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Getting to Know Joel View Comments
By Theresa Doyle-Nelson

ARE YOU GOING THROUGH a tough time? Does your heart need some joyful renewal? Would a touch of hope help your spirits? Or are you a struggling farmer or feeling careworn in the food industry?

If so, the Old Testament prophet Joel might be a good person to get to know. Because we hear him only a few times at Mass, many Catholics probably feel a weak connection to him. Even so, this “minor prophet” is worth knowing.

The son of Pethuel, Joel probably lived in Jerusalem about 400 years before the birth of Christ. His prophetic book is only four chapters long, but it shows that he was a prophet for the Lord, passionate for the good of the people of Judah. Joel used highly dramatic, metaphorical writing. For example:

His teeth are the teeth of a lion . . . (1:6b).

Their appearance is that of horses; like steeds they run (2:4).

The sun will be turned to darkness, and the moon to blood (3:4a).

The mountains shall drip new wine (4:18a).

Although Joel’s writings may be unfamiliar, they continue to offer valuable spiritual insights.

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Theresa Doyle-Nelson is a former elementary teacher with a master’s degree in educational administration. Married for 27 years, she and her husband have three adult sons. She can be contacted through TheresaDoyle-Nelson.com.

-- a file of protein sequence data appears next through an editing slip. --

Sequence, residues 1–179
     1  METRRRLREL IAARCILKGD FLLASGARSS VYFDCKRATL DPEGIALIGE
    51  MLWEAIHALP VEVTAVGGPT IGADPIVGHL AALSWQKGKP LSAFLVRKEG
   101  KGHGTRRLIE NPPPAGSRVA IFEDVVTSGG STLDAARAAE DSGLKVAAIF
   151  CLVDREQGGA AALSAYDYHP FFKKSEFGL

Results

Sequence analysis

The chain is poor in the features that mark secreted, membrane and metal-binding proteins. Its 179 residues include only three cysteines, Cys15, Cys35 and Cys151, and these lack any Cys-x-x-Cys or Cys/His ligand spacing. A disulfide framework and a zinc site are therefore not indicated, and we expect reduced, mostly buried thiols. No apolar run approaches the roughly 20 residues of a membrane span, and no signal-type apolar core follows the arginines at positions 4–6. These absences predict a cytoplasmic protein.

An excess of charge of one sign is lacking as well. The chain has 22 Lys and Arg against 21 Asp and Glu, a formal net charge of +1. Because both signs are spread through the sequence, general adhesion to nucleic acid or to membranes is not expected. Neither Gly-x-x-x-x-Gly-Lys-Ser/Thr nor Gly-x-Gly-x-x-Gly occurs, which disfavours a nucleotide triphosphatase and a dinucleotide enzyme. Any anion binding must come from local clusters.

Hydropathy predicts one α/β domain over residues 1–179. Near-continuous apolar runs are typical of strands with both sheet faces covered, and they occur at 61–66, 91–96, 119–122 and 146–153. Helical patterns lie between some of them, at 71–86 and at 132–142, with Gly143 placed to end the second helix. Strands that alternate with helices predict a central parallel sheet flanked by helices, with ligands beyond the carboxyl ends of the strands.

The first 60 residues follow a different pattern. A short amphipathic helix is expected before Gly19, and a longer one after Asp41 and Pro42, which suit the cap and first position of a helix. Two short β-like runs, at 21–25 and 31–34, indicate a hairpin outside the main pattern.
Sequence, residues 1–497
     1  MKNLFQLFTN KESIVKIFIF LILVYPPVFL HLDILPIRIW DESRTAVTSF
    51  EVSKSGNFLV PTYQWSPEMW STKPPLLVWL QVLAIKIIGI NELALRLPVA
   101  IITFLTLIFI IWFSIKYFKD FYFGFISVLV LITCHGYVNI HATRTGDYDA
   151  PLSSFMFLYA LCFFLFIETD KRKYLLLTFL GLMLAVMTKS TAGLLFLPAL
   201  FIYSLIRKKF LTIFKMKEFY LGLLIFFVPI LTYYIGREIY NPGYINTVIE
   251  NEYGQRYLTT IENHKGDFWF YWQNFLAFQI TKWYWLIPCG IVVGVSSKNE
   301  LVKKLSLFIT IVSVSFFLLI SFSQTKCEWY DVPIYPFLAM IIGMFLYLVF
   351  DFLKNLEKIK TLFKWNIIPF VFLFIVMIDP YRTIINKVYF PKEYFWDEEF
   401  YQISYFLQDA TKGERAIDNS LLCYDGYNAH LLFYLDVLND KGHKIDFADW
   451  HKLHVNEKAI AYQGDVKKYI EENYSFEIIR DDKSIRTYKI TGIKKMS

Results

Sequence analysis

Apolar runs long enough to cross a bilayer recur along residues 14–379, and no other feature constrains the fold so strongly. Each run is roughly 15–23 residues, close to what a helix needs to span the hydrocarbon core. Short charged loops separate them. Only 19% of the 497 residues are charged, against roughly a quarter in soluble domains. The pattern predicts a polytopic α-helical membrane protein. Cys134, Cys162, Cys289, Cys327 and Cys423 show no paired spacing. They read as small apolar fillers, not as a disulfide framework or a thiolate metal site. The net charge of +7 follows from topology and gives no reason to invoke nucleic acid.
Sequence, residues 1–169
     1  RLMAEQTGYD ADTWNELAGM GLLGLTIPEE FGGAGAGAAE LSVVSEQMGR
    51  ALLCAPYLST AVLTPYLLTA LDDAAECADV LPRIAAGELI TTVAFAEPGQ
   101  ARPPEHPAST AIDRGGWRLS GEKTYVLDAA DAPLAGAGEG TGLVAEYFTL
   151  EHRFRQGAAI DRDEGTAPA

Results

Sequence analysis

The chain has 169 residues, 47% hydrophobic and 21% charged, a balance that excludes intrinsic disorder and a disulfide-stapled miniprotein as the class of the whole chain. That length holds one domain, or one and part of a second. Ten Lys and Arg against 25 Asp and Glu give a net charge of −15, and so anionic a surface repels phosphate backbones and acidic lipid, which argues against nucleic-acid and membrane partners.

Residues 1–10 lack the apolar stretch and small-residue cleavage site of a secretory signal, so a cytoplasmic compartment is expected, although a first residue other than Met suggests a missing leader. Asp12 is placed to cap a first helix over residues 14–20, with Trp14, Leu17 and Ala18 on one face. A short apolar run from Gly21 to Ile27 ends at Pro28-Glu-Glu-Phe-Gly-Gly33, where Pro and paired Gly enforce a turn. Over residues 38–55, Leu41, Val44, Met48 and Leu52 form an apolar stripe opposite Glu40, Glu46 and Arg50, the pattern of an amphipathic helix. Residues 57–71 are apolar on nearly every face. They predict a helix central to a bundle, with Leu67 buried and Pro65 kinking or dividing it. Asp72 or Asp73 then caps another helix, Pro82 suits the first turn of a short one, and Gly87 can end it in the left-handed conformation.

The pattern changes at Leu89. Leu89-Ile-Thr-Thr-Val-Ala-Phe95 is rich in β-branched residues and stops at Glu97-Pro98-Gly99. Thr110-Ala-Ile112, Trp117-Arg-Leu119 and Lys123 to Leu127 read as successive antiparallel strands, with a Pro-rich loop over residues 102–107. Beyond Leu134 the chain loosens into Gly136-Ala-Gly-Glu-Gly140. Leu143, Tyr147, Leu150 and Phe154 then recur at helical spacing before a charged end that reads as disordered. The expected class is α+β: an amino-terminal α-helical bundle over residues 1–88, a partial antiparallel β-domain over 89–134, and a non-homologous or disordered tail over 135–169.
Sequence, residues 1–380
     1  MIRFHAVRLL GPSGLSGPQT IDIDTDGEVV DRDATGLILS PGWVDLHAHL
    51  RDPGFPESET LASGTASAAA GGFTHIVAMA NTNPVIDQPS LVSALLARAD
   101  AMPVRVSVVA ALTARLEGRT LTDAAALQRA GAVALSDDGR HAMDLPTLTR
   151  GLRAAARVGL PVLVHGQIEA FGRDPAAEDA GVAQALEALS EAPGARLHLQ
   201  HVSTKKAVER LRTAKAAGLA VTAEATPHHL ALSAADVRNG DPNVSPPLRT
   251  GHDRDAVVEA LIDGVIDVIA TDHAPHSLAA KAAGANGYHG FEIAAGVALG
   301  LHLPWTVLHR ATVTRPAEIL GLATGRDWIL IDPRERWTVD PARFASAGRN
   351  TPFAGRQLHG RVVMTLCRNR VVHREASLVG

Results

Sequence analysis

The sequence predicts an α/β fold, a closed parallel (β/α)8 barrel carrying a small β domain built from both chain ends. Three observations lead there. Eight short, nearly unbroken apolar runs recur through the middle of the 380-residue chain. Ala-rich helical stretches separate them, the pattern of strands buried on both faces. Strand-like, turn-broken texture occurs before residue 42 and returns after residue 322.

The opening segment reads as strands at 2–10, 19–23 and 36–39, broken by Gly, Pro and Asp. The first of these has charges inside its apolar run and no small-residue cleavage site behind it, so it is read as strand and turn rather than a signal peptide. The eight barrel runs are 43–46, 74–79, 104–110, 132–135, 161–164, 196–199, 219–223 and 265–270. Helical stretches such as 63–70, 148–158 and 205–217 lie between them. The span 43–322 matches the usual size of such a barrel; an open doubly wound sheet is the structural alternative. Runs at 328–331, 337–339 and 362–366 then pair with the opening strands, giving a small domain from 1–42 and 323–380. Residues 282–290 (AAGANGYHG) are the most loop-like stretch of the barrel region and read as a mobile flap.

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Louis Mary Grignion de Montfort: Louis's life is inseparable from his efforts to promote genuine devotion to Mary, the mother of Jesus and mother of the Church. <i>Totus tuus </i>(completely yours) was Louis's personal motto; Karol Wojtyla (John Paul II, October 22) chose it as his episcopal motto. 
<p>Born in the Breton village of Montfort, close to Rennes (France), as an adult Louis identified himself by the place of his Baptism instead of his family name, Grignion. After being educated by the Jesuits and the Sulpicians, he was ordained as a diocesan priest in 1700. </p><p>Soon he began preaching parish missions throughout western France. His years of ministering to the poor prompted him to travel and live very simply, sometimes getting him into trouble with Church authorities. In his preaching, which attracted thousands of people back to the faith, Father Louis recommended frequent, even daily, Holy Communion (not the custom then!) and imitation of the Virgin Mary's ongoing acceptance of God's will for her life. </p><p>Louis founded the Missionaries of the Company of Mary (for priests and brothers) and the Daughters of Wisdom, who cared especially for the sick. His book <i>True Devotion to the Blessed Virgin</i> has become a classic explanation of Marian devotion. </p><p>Louis died in Saint-Laurent-sur-Sèvre, where a basilica has been erected in his honor. He was canonized in 1947.</p> American Catholic Blog The Lord has given us human beings the ability to reason. We have an intellect and are able to use our reasoning skills to arrive at logical decisions. As long as our conclusions don't conflict with any of the Lord's teachings, He absolutely expects us to use our intelligence.


 
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